Complex
Analysis. FreeTutorial
8.1
The modulus and argument of the product
8.2
Multiplication of complex numbers as stretching
(squeezing) and rotation
8.2.1
Multiplying a complex number by a real
number
8.2.2
Multiplying a complex number by imaginary
unit i
8.2.3
Multiplying a complex number by i
8.2.4
Multiplying a complex number by positive
integer powers of i
8.2.5
Multiplying a complex number by negative
integer powers of i
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8.1 The modulus and argument of the product
Let us consider two complex
numbers z1
and z2
in a polar form.
z1
= r1(cos+i
sin),
z2
= r2(cos+i
sin).
Their product can be written in the form
z1z2
=r1r2[(coscos
 sinsin)
+
+ i(sincos
+ cossin)].
By means of the addition theorems of the
sine and cosine this expression can be
simplified to
z1z2
=
r1r2[(cos(+)
+ i(sin(+)].
(1.18)
The product z1z2
has the modulus r1r2
and the argument +.
Figure 1.15 illustrates the multiplication
of the complex numbers. The length of
the z1z2
vector equals the product of the lengths
of z1
and z2.
r1
= z1,
=
Arg(z1),
r2
= z2,
=
Arg(z2).
z1
z2
= z1
z2,
(1.19)
Arg(z1z2)
= Arg(z1)
+ Arg(z2).
(1.20)
The formula (1.20) means
that the set of values of Arg(z1z2)
is obtained by forming all possible sums
of value of Arg(z1)
and Arg(z2).
Figure 1.15 The geometry of multiplication.
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8.2
Multiplication of complex numbers as stretching
(squeezing) and rotation
The geometric interpretation
of multiplication of complex numbers z1z2
is stretching (or squeezing) and rotation
of vectors in the plane. If you have two
complex numbers z1
and z2
(z1
0, z2
0),
you can draw a vector z1,
multiply its length by the z2,
and rotate the resulting vector counterclockwise
through the angle Arg(z2).
If z2
> 0, we deal
with stretching. If z2
< 0, it is a
case of squeezing.
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8.2.1
Multiplying a complex number by a real
number
Let us multiply a complex
number z
= x
+
yi
by the real number a.
(x
+
yi)a
= xa
+ yai.
The multiplication of a complex number
by the real number a,
is a transformation which stretches the
vector by a factor of a
without rotation.
Let us consider two cases: a
= 2, a
= 1/2.
Geometrically, when we double a complex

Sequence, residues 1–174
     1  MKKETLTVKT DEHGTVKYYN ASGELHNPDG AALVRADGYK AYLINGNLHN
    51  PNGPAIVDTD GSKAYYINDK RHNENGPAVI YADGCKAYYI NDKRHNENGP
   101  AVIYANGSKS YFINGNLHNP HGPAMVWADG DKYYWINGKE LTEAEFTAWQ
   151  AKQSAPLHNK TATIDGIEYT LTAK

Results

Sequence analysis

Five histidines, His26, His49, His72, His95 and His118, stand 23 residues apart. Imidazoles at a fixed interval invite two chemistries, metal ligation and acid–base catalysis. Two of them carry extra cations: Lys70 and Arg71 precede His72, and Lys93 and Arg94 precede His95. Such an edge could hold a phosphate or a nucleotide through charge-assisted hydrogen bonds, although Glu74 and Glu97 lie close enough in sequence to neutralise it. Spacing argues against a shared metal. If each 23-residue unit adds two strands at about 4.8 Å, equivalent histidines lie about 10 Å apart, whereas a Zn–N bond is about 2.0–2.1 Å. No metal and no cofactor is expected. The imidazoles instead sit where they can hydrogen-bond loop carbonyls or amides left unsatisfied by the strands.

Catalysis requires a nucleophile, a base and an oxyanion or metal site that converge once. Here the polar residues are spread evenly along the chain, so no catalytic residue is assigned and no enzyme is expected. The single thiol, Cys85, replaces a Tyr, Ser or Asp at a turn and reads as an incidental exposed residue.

number, we double the distance from the
origin, to the point in the plane. When
we multiply a complex number by 1/2,
the result will be half way between the
origin and z.
Multiplication by a
> 0
is a transformation which stretches the
complex plane C
by a factor of a
away from the origin.
Multiplication by a
< 0
is a transformation which squeezes C
toward 0.
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8.2.2
Multiplying a complex number by imaginary
unit i
zi
= (x
+
yi)i
=  y
+ xi
.
The point z
in C is located
x
units to the right of the imaginary axis
and y
units above the real axis (if x
> 0, y
> 0).
The point zi
is located y
units to the left, and x
units above.
Multiplying by i
has rotated a point z
90° counterclockwise around the origin
to the point zi.
See Figure 1.16
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8.2.3
Multiplying a complex number by i
z(i)
= (x
+
yi)(i)
= y
 xi.
Multiplication by i
gives a 90° clockwise rotation around
the origin or a 270° counterclockwise
rotation around the origin.
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8.2.4
Multiplying a complex number by positive
integer powers of i
Multiplying z
by i
means 90° counterclockwise rotation
of a point z
around the origin to the point zi.
Multiplying z
by i^{2}
means 180° counterclockwise rotation
of a point z
around the origin to the point zi^{2}
or 90° counterclockwise rotation of
a point zi
around the origin to the point zi^{2}.
Multiplying z
by i^{3}
means 270° counterclockwise rotation
of a point z
around the origin to the point zi^{3}
or 90° counterclockwise rotation of
a point zi^{2}
around the origin to the point zi^{3}.
Multiplying z
by i^{4}
means 360° counterclockwise rotation
of a point z
around the origin. The point z
corresponds to z,
zi^{4},
zi^{8},
and so on. The circle is repeated.
Figure 1.16 shows the multiplication
by powers of i.
The point z
corresponds to z,
zi^{4},
zi^{8},
zi^{12},
… . The point zi
corresponds to zi,
zi^{5},
zi^{9},
zi^{13}
and so on.
Figure 1.16 Multiplication
by i
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8.2.5
Multiplying a complex number by negative
integer powers of i
Multiplying z
by i^{
1} means 90°
clockwise rotation of a point z
around the origin to the point z(i)^{1}.
Multiplying z
by i^{
2}^{}
means 180° clockwise rotation of a
point z
around the origin to the point z(i)^{2}.
The point z(i)^{2}
also corresponds to 90° clockwise
rotation of a point z(i)^{1}
around the origin.
Multiplying z
by i^{
3} means
270° clockwise rotation of a point
z
around the origin to the point z(i)^{3}.
The point z(i)^{3}
also corresponds to 90° clockwise
rotation of a point z(i)^{2}
around the origin.
Multiplying z
by i^{
4} means
360° counterclockwise rotation of
a point z
around the origin. The point z
corresponds to z,
zi^{
4},
zi^{
8},
and so on. The circle is repeated.
Figure 1.17 shows the multiplication
by negative powers of i.
Figure 1.17 Multiplication by negative
powers of i
by
Tetyana Butler